Nature’s                                                                                                                                       exuberance                                                                                                                                          creates                                                                                                                                                             a                                                                                                                                                                  nest                                                                                                                                                               in                                                                                                                                                                  the                                                                                                                                                              soul,                                                                                                                                                      shoring                                                                                                                                                        the                                                                                                                                                       center’s                                                                                                                                         endurance.

The soft lift of a flower.

Note:

In America and the world we face a crucial test of humanity. Will we pledge ourselves to do our part to stop climate change. One way to participate is to support an organization whose mission is to protect the planet. The World Wildlife Fund is devoted to that charge. From their website: “For 50 years, WWF has been protecting the future of nature.”As the “world’s leading conservation organization, WWF works in 100 countries and is supported by more than one million members in the United States and close to five million globally. WWF’s unique way of working combines global reach with a foundation in science, involves action at every level from local to global, and ensures the delivery of innovative solutions that meet the needs of both people and nature.” They focus on :”food, climate, fresh water, wildlife, forest and oceans.” Hope that you’ll visit their site, and consider donating. I have been supporting them for decades, and I’m always impressed with their reach and results.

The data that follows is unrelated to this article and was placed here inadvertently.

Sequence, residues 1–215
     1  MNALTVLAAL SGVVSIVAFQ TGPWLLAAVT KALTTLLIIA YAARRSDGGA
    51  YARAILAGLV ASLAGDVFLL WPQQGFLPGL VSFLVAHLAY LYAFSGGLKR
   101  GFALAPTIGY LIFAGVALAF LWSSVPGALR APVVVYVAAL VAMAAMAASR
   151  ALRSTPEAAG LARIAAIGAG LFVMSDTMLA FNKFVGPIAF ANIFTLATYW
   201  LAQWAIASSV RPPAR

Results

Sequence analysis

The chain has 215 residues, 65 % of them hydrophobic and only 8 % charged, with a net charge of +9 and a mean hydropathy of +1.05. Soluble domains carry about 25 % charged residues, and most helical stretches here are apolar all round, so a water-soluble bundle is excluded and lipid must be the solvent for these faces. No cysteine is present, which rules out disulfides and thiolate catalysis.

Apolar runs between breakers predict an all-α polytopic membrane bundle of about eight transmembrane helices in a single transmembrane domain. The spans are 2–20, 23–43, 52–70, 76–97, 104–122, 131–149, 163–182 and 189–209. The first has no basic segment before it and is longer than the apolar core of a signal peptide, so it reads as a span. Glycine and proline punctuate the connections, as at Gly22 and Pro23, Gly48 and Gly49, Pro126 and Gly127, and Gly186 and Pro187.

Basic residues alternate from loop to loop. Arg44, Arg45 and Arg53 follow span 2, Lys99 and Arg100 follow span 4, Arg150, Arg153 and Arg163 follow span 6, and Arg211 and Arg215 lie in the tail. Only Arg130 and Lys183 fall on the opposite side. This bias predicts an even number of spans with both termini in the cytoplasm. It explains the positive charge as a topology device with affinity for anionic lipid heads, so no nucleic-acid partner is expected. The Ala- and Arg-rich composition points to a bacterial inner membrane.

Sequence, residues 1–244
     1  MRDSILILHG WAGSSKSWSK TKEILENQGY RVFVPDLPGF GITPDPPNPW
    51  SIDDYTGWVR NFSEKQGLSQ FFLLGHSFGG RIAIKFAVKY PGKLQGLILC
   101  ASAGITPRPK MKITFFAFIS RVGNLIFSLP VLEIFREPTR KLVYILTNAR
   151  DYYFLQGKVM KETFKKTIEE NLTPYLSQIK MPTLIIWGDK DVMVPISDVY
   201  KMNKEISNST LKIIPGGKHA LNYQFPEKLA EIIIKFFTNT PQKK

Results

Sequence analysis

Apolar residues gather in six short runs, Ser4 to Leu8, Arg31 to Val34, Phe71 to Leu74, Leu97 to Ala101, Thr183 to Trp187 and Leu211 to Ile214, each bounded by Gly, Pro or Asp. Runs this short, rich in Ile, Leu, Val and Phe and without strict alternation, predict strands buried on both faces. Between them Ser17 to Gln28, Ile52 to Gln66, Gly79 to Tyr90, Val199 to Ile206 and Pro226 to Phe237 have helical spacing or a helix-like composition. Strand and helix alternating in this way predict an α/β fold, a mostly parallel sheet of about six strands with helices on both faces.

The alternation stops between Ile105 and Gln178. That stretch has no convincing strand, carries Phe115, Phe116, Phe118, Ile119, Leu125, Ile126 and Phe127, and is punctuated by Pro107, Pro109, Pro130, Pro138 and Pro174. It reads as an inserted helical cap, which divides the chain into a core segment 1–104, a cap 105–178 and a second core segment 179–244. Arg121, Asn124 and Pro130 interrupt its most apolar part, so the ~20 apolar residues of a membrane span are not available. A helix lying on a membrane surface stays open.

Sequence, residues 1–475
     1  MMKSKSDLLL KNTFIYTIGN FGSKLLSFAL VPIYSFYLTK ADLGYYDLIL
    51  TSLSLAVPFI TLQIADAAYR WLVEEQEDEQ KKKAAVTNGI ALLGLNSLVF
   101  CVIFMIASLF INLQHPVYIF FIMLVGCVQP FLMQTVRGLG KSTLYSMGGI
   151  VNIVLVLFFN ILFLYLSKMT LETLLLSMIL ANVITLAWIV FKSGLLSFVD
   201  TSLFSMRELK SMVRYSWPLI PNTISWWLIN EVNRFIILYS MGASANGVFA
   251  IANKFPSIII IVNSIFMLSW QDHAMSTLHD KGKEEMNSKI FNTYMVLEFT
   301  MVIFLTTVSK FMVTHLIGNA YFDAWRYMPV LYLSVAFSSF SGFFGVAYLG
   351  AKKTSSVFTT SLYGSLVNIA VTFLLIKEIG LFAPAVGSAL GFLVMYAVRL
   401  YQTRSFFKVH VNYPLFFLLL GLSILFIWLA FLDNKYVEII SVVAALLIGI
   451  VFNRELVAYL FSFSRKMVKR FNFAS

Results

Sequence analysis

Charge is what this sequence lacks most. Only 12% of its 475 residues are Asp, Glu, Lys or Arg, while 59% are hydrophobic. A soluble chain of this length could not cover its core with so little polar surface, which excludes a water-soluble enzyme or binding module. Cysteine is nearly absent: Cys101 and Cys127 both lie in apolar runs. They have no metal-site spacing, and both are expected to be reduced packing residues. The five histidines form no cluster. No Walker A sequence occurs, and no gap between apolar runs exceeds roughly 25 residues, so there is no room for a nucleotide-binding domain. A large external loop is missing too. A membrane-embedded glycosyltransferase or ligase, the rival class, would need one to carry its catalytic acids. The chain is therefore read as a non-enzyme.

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Posted in Digital Art, Mobile Photography, Nature Photography, Photomontage, Writing | Tagged , , , , , , | 32 Comments

Visual Reflections: Nature Photography as Palette in the Age of Uncertainty – No. 8 (Coneflower and Hydrangea Photomontage)

21 August 2017

Lens:

Taken in Camera+ and edited in Snapseed, Polamatic, Stackables, and Pixlr.

Flower Photomontage; 2017 Sally W. Donatello All Rights Reserved

Flower Photomontage; 2017 Sally W. Donatello All Rights Reserved

Click onto image to enlarge. Let me know your response to this photomontage. Prints are available upon request.

Pens:

America has become unrecognizable. Breathing and exhaling takes more effort; there’s a constant bombardment of rhetoric that scorches the heart and soul. The spirit feels injured, deflated. How, how could we be led by such a person? How can we endure what he represents?

One way is to allow the light to prevail, be more prevalent. The weightiness can be lifted, temporarily, secluding the dark and revealing beams to shore the inner world. I believe that dark cannot stifle light.

To pledge allegiance is to believe. Today’s belief must be substituted for uncertainty in collaboration with HOPE and persistence to recover the country’s moral center.

In the Lens section is my latest photomontage: a combination of coneflower and hydrangea. The conversion to black and white helps to detail the visual language of photography. It allows the words to bounce from the image and creates meaning that is wrapped in contrast, tone, shape, line, and effect of the monochromatic.

With the variation of these elements come a clearer frame of possibilities for each of us. Hold tight to one’s principles and never let them go.

Note: